JERUSALEM, Dec. 23 (Xinhua) -- Israeli Prime Minister Benjamin Netanyahu said Monday that it is "unacceptable" that United States ' intelligence agency is spying on Israeli officials, local media reported.
In a weekly meeting of Knesset (parliament) members of Benjamin Netanyahu's Likud party, the Prime Minister said he had asked to call forth an inquiry into the details of the supposed eavesdropping.
"In the close relationship between Israel and the U.S. there are things that must not be done and that are unacceptable for us, " the Ynet news website cited Netanyahu as saying.
Netanyahu also mentioned in that aspect Jonathan Pollard, a U.S. -Israeli spy who has been incarcerated for spying against the U.S. on Israel's behalf and sentenced to life in prison in 1987 for espionage, a sensitive topic in the alliance between Israel and the U.S. and the conduct of espionage between the allies.
"He should have been released a long time ago," Netanyahu said. "This is understood to everyone here and I believe it is understood to growing audience in the U.S. as well," the prime minister added.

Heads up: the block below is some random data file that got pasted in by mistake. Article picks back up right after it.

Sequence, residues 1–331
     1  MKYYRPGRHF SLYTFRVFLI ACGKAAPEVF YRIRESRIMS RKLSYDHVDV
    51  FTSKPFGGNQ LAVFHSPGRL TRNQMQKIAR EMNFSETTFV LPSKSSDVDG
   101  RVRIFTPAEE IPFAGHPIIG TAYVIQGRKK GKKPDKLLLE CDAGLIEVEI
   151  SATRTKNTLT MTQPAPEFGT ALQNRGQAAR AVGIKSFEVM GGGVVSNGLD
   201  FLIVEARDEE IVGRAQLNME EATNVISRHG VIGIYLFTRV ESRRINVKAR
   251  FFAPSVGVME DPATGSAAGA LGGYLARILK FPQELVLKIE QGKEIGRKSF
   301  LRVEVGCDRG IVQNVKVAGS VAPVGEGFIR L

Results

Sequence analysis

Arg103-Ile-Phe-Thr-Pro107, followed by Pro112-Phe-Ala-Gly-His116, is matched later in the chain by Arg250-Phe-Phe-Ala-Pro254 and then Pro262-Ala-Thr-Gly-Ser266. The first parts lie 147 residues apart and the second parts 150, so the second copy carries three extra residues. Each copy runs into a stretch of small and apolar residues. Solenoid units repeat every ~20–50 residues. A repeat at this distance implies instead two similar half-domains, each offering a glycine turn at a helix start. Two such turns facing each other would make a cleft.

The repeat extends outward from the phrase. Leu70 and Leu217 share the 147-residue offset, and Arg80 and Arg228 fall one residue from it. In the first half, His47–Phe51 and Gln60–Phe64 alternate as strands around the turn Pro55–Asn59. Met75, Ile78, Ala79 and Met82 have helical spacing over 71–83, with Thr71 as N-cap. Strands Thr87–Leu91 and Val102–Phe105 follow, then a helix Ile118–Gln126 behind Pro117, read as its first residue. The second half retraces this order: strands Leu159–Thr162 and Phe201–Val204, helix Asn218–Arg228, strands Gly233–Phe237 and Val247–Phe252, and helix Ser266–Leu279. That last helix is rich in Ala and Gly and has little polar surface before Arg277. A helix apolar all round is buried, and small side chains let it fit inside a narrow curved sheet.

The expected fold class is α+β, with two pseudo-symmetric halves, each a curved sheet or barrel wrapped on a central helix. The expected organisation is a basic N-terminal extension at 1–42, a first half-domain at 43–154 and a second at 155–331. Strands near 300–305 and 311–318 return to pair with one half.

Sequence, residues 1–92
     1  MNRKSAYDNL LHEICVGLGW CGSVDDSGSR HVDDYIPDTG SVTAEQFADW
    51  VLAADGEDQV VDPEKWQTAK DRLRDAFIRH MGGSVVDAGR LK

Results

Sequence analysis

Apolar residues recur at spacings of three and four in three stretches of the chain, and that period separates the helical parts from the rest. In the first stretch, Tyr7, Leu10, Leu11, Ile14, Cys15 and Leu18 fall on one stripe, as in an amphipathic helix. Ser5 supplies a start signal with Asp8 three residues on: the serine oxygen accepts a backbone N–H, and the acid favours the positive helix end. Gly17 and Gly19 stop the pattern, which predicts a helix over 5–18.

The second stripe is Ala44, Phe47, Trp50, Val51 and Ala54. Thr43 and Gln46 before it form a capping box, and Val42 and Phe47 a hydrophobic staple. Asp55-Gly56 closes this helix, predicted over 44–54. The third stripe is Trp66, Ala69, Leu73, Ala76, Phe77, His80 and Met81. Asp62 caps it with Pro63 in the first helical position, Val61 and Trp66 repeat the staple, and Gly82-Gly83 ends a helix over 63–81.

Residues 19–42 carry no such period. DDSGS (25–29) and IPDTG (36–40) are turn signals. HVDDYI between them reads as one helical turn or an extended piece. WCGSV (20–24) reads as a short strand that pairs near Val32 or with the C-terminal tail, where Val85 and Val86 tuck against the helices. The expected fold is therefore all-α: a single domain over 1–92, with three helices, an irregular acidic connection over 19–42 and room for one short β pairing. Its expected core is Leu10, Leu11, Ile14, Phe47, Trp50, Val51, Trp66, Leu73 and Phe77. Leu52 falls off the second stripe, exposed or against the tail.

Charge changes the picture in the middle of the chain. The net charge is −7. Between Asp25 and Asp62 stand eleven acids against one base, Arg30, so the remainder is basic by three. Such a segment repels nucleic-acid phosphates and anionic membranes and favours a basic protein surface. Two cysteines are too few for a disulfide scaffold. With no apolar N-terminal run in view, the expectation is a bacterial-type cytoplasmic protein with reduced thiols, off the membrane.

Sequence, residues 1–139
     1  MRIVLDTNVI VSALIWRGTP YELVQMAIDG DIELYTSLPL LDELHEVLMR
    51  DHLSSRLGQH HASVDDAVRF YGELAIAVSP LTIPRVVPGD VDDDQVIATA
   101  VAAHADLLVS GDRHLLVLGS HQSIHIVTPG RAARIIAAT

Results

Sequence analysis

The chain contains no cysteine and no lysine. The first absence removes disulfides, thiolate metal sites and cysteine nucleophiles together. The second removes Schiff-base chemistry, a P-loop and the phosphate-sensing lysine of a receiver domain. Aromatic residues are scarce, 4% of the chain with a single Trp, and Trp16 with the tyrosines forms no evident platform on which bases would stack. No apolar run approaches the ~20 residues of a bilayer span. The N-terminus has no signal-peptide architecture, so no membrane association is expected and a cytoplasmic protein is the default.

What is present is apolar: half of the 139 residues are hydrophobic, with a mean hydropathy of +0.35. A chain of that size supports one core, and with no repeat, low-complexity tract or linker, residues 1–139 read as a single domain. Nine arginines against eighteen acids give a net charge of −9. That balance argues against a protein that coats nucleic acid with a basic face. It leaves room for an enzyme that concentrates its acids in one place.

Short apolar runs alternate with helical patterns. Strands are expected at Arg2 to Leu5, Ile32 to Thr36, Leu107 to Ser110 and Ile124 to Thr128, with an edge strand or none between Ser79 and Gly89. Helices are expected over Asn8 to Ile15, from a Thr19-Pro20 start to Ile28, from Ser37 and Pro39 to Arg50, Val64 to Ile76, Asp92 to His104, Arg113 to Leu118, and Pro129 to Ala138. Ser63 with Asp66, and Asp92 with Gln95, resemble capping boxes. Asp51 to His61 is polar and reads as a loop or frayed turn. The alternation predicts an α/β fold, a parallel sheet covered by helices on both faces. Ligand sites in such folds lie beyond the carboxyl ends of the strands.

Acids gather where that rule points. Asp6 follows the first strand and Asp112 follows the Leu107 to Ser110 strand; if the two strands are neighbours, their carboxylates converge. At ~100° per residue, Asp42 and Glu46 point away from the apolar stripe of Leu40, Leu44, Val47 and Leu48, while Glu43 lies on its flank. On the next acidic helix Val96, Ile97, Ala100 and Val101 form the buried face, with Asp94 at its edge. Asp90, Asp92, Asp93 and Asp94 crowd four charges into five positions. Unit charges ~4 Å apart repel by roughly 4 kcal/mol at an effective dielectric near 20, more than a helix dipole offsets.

Documents were leaked over the weekend by the former U.S. National Security Agency (NSA) contractor Edward Snowden and published in Der Spiegel and the New York Times.
These documents showed that the NSA, along with British Intelligence, intercepted emails and phone calls of Netanyahu, former Prime Minister Ehud Olmert and former Defense Minister Ehud Barak.
JERUSALEM, Dec. 22 (Xinhua) -- Israeli ministers are demanding on Sunday the U.S. to end espionage in light of the revelation that the National Security Agency has spied on Israel's top leaders.
"Now the secret is out," said Transportation Minister Yisrael Katz in a statement, "The U.S. is systematically spying on the defense and diplomatic leadership here in Israel. Is this how friends treat each other?" Full story
Facing "unchanged" espionage charges back in his home country, Snowden, who was stranded in the transit zone of a Moscow airport for nearly six weeks before receiving temporary asylum, almost broke trust between the United States and its European allies like Germany.
No one, even Snowden himself, can say for sure why the 30-year-old analyst leaked, as U.S. National Security Agency (NSA) Chief Keith Alexander said in November, up to 200,000 classified documents to the media. Full story